Reports on May 3 revealed that the Spanish National High Court’s Central Investigative Court Number Five issued a series of international arrest warrants against 12 Russian citizens, including some figures considered close to President Vladimir Putin’s inner circle, among them Nikolay Aulov, the deputy chief of Russia’s Federal Drug Control Service. The court case, presided over by Justice José De La Mata, follows Spain’s 2008 Operation “Troika,” which had targeted the “Tambovskaya” and “Malyshevskaya” Russian mafia clans (Elmundo.es, May 3).
The alleged head of the Tambovskaya mafia clan, Gennadios Petrov, was arrested by the Spanish Civil Guard, in 2008, in Calvià (Majorca, Balearic Islands), following an investigation utilizing extensive phone taps over the course of 2007–2008. Some of the intercepted conversations were between Petrov and Aulov. Others featured Petrov and Igor Sobolevski, a former top official in Russia’s Office of the Attorney General, considered “one of the most wanted” by the Spanish judiciary. This prompted investigators to conclude that both Aulov and Sobolevski had been corrupted and were at the service of Petrov’s organization (Diariodemallorca.es, May 6, 2011). According to Justice De La Mata, Sobolevsky informed Petrov “about security forces actions against organized crime” (Elmundo.es, May 3).
In his January 22 court decree, De La Mata alleges that Aulov has a “tight relationship” with Petrov, securing for him and his entourage “licenses and concessions” from “Russia’s highest administrative instances” in exchange for money or favors (Larazon.es, May 3). Petrov obtained certain jobs for Aulov, according to the court decree, using his “relations with his country’s political spheres” (Actuali.cat, May 4).
In 2011, Petrov’s defense attorney asked the court to interrogate both Aulov and Sobolevski, and the petition was accepted on appeal on May 4, 2011, despite opposition from the public prosecutor’s office. The National High Court considered the interrogations “fundamental for the right to defense of the accused” and sent Russian authorities a request for international judicial assistance with an attached questionnaire (Diariodemallorca.es, May 6, 2011).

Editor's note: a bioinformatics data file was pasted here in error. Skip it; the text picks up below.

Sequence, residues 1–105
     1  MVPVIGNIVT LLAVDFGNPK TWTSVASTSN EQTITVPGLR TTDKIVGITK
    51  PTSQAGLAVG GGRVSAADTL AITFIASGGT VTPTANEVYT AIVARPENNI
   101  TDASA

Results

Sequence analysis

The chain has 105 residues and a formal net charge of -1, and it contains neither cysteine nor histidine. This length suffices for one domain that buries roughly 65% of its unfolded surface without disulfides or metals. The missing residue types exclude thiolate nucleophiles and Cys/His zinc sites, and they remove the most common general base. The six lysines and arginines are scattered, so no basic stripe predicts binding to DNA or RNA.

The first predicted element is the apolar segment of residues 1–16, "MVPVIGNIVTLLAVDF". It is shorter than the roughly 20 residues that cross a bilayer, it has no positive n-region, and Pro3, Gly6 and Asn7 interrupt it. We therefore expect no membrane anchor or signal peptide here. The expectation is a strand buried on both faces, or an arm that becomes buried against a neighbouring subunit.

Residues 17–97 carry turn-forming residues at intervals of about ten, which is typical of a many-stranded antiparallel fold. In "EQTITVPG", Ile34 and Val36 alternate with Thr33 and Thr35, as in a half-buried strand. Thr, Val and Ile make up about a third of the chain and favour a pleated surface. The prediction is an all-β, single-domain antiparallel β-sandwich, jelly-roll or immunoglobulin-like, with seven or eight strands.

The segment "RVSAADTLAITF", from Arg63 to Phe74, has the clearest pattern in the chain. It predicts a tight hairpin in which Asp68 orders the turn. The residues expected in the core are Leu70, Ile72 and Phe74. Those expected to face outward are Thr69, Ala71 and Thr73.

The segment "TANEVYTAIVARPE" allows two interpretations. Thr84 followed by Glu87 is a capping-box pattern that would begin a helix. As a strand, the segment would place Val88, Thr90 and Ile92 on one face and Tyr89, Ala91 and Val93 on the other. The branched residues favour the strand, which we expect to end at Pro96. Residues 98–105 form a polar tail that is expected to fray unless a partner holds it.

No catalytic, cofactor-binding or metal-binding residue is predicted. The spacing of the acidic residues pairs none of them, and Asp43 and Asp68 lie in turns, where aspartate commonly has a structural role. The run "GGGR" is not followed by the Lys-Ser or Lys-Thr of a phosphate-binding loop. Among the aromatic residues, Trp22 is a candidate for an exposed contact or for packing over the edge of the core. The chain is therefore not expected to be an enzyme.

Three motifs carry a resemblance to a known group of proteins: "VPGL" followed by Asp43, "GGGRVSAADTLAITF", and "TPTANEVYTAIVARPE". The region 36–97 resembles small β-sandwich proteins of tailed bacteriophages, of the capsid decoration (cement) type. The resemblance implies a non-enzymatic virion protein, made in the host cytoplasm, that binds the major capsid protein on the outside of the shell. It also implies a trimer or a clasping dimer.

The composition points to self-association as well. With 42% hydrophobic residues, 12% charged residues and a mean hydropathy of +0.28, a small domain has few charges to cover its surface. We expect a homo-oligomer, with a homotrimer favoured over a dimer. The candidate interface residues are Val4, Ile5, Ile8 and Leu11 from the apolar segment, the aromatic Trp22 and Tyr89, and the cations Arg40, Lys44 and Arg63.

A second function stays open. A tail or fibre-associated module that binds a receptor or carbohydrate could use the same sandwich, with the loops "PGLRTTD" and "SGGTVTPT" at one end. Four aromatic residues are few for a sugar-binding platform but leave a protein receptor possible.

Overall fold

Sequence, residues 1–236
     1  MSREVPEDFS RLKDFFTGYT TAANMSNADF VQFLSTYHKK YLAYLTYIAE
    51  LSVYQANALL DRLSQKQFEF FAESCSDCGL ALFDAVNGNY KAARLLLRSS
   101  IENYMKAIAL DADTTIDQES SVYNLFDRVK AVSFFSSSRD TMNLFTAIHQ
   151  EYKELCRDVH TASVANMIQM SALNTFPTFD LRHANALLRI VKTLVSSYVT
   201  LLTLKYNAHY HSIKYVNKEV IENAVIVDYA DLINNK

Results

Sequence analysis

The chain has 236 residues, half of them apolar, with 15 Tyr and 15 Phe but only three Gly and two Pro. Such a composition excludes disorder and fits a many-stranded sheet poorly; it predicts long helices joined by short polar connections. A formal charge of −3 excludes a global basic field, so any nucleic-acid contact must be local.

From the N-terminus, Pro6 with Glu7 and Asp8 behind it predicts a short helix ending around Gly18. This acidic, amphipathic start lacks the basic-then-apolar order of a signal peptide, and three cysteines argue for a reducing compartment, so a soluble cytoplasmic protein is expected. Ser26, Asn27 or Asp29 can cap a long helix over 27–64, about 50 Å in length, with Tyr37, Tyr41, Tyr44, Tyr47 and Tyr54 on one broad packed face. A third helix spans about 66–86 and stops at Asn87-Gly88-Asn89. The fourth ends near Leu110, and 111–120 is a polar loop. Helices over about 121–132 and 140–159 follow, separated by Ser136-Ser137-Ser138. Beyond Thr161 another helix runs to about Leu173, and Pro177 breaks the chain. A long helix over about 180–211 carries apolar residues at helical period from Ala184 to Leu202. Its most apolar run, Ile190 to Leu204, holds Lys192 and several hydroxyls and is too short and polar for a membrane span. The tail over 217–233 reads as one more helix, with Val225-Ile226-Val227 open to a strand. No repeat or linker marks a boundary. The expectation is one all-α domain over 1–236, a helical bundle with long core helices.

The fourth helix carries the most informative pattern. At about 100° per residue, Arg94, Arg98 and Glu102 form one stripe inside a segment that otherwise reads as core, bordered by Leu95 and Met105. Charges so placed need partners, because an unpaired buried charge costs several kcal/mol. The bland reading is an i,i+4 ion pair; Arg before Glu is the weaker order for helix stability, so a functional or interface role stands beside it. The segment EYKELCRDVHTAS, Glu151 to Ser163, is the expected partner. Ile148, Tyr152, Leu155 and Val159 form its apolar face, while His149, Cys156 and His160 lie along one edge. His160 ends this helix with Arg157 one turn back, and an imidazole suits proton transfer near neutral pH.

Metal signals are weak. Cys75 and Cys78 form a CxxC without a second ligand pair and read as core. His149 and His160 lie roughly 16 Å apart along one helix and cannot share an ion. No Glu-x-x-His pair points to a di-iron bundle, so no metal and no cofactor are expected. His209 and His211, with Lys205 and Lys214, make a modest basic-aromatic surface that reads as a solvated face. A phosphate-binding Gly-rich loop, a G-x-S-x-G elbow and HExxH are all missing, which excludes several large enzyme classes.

But Moscow rejected the request, and on October 19, 2015, Spain’s Anti-Corruption and Organized Crime Division of the Office of the Attorney General put forward a 250-page document detailing its charges. This document contained an extensive list of Russian former and current public officials accused of being part of Petrov’s network (Abc.es, October 20, 2015). In June 2015, public prosecutors delivered to the court a 452-page report arguing that this network “keeps strong links with Russia’s economic, political, judicial and police power in Russia, as well as with members of international organized crime for the achievement of joint projects,” adding that “[Petrov’s network] achieved a clear penetration of his country’s state structures.” According to the Prosecutors’ Office, the 27 accused, together with other people that had not been located, constitute a “criminal community” settled in Spain from 1996. From their base in the country they “have been controlling the criminal activities of their respective groups, which they lead in their countries of origin,” committing crimes including “murder, arms trafficking, extortion, fraud, influence peddling, [and] drug trafficking,” with the resulting “huge financial returns […] channeled to Spain.” Prosecutors consider the Tambovskaya and Malyhevskaya mafias to be tightly connected, “with a clear division of tasks,” whose “core criminal” activities in Spain consist of “introduction of capital and indiscriminate subversion of corporate and business law” involving “tax evasion.” The main leaders, according to the Prosecutors’ Office, are Petrov, Alexander Malyshev, Sergei Kouzmine, and Vitali Izgilov (tried and found guilty in Spain, and expelled from the country), each having “his own sphere” and lieutenants, but all acting with “full coordination” (Abc.es, June 2, 2015).